James Shields

Virginia, USA
Death Apr 1875 (aged 80)
Jennings County, Indiana, USA
Burial Vernon, Jennings County, Indiana, USA
Plot 36 NE Sec B, Lot 1, Grave 1
Memorial ID 100477662 View Source
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James, commonly known as 'Colonel' James Shields, was the youngest son of William and Margaret (Wilson) Shields, and an early pioneer. He gained his honorary military title because of his service in the War of 1812, where he served in Captain John Hughes' Company ofthe Indiana Militia as a Private; the Indian campaigns during the territorial days of Indiana; and the Civil War.

Born in Sevier County, TN, he came with his parents to southern Indiana about 1807-8, settling first near Madison, IN then moving on to Harrison Co. for a time, and then to what was Old Fort Columbia, north of Brewersville, then a wilderness.He was one of the first settlers just north of Brewersville, on Sand Creek, in what is now Sand Creek Twp, in Jennings Co. in 1816, just before Indiana became a state in December of that year.

According to the 1850 and 1870 census James was an early landowner in Jennings County, Indiana. James bought a fraction of land (3.1 acres), just south of the Indian Treaty Boundary Line, in
Section 23 of Sand Creek Township on September 22, 1821; and fractions of land in the NE 1/4 and SE 1/4 South of the Indian Treaty Boundary Line in Section 24 (amounting to 263.12 acres), in Sand Creek Township on October 18, 1838. William P.Shields acquired land of his on may 16, 1848, when he bought the NW 1/4 of the NW 1/4 of Section 15 (40 acres), in Campbell Township. He later bought additional land in this area which would become the basis of the Shields wealth. See: 1884Jennings County Plat Maps.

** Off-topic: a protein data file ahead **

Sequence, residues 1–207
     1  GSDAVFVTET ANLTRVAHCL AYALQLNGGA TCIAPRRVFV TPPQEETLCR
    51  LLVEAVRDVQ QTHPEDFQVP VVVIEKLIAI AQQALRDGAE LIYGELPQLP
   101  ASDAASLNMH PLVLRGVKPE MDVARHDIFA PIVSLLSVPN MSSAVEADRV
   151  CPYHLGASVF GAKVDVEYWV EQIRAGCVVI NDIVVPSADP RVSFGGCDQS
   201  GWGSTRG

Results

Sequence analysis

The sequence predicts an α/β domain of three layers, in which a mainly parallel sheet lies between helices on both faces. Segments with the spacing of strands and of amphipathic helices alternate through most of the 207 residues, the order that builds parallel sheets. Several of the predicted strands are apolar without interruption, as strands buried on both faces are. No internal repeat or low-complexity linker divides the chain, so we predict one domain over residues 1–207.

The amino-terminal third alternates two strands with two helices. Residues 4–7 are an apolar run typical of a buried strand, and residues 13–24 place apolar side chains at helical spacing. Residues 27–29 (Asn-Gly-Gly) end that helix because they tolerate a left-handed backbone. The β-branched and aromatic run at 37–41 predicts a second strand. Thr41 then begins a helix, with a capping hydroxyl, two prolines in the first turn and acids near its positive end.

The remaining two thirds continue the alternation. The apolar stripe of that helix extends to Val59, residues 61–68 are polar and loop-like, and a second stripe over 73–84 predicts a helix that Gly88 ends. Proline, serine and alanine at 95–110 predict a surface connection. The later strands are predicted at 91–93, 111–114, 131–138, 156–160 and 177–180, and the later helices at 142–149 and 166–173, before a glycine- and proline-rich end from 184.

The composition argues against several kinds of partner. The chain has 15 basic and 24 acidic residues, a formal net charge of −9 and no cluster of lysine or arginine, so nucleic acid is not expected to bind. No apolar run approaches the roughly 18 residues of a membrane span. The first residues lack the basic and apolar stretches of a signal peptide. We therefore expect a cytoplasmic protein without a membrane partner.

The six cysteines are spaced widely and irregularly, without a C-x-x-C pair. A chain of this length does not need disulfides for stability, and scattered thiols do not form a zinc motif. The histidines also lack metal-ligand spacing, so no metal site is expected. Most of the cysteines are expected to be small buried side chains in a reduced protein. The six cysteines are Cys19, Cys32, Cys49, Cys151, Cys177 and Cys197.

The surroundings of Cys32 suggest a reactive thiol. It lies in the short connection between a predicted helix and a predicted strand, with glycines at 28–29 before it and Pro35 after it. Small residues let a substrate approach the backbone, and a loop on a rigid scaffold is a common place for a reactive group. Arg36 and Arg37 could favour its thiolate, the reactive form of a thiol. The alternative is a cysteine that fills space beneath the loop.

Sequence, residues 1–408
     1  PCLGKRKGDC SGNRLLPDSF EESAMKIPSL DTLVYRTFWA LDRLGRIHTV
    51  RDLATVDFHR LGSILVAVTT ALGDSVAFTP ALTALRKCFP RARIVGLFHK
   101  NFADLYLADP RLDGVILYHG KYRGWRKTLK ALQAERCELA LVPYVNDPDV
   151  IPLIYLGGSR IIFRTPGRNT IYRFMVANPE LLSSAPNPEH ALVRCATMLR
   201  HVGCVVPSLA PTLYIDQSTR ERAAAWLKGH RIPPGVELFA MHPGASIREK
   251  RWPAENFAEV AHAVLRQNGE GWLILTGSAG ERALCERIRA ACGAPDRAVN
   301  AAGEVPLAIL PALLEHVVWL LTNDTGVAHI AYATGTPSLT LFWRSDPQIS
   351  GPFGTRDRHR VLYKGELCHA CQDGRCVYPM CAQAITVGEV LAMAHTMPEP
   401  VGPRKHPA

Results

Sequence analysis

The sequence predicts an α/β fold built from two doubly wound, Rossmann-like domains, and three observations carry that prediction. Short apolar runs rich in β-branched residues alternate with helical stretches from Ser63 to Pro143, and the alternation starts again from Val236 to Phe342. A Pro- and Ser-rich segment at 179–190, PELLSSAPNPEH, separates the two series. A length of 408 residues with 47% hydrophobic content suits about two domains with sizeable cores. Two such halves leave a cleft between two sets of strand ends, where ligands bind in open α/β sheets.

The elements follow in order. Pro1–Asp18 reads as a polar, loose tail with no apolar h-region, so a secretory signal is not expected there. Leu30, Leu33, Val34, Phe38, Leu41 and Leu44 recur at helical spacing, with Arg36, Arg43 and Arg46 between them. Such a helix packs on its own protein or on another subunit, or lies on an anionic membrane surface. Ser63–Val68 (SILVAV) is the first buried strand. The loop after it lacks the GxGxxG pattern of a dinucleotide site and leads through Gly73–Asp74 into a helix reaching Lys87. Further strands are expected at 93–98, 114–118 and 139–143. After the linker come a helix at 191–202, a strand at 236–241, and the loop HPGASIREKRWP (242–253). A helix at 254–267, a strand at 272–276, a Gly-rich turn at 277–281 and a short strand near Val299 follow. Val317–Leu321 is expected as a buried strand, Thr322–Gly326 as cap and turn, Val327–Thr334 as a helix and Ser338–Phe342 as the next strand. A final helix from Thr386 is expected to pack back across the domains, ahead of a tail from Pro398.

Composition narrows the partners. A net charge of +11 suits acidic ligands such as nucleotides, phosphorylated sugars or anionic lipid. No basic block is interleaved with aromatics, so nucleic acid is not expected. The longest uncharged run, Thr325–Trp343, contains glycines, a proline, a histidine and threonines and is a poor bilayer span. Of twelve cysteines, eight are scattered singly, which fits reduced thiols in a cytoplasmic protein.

In the early days of Indiana history, James, with his cousin John Tipton, (who later became a Brigadier General and Senator), took a contract to clear the trees and stumps from what was to be the capital grounds at Corydon. In fact, it was thesecond territorial capital, (Vincinnes was the first), and later the first state capital.

James was married twice, his first wife Sarah J. McCausland died in about 1834. He married his second wife, Mrs. Martha (Wilson) McCaslin on 23 Mar 1835. Martha is listed as his spouse in the War of 1812 Pension List (WC-6983, SO-26252) that waspublished in 1840.

During the Civil War he was a member of a company of Home Guards at Vernon, IN when on 1 July 1863, Confederate General John Morgan made his raid into that section of the state. Though 69 at the time, he actively engaged in the opposition.According to John A. Shields, James was wounded and knocked off his horse in the battle and taken prisoner, but shortly thereafter released because the Confederates had no means to confine their captives. The Vernon Banner of 23 July 1863reported the following: 'Among the worst cases of maltreatment on the part of the Rebels towards our citizens was that inflicted upon Colonel Shields. Although he is quite and old man to obey the orders of the desperadoes while he thought herewas a chance to save himself by fighting. So they struck him furiously on the head with the butt end of a gun, which felled him to the earth and after this he would have been killed by the one who did this cowardly deed had not two othersappeared and wrenched the gun from him by force.'

Brownstown Banner, Brownstown, IN, 8 April 1875
'Mr. Shields, father of Dr. J.S. Shields of Seymour, died in Jennings Co. last Sunday, aged 80 years. He was one of the first settlers in this section, & resided in Jackson Co. at a time when he had to go all the way to New Albany to do hismilling.'

According to the records he is buried in the Vernon Cemetery, Vernon, Indiana in 36 NE, Section B, Lot 1, Grave 1. However there is no stone.

Taken from the genealogy records of Richard B. Groharing, per Andrew K. Groharing.


No headstone

Gravesite Details

Youngest son of William Shields, son of Robert Shields

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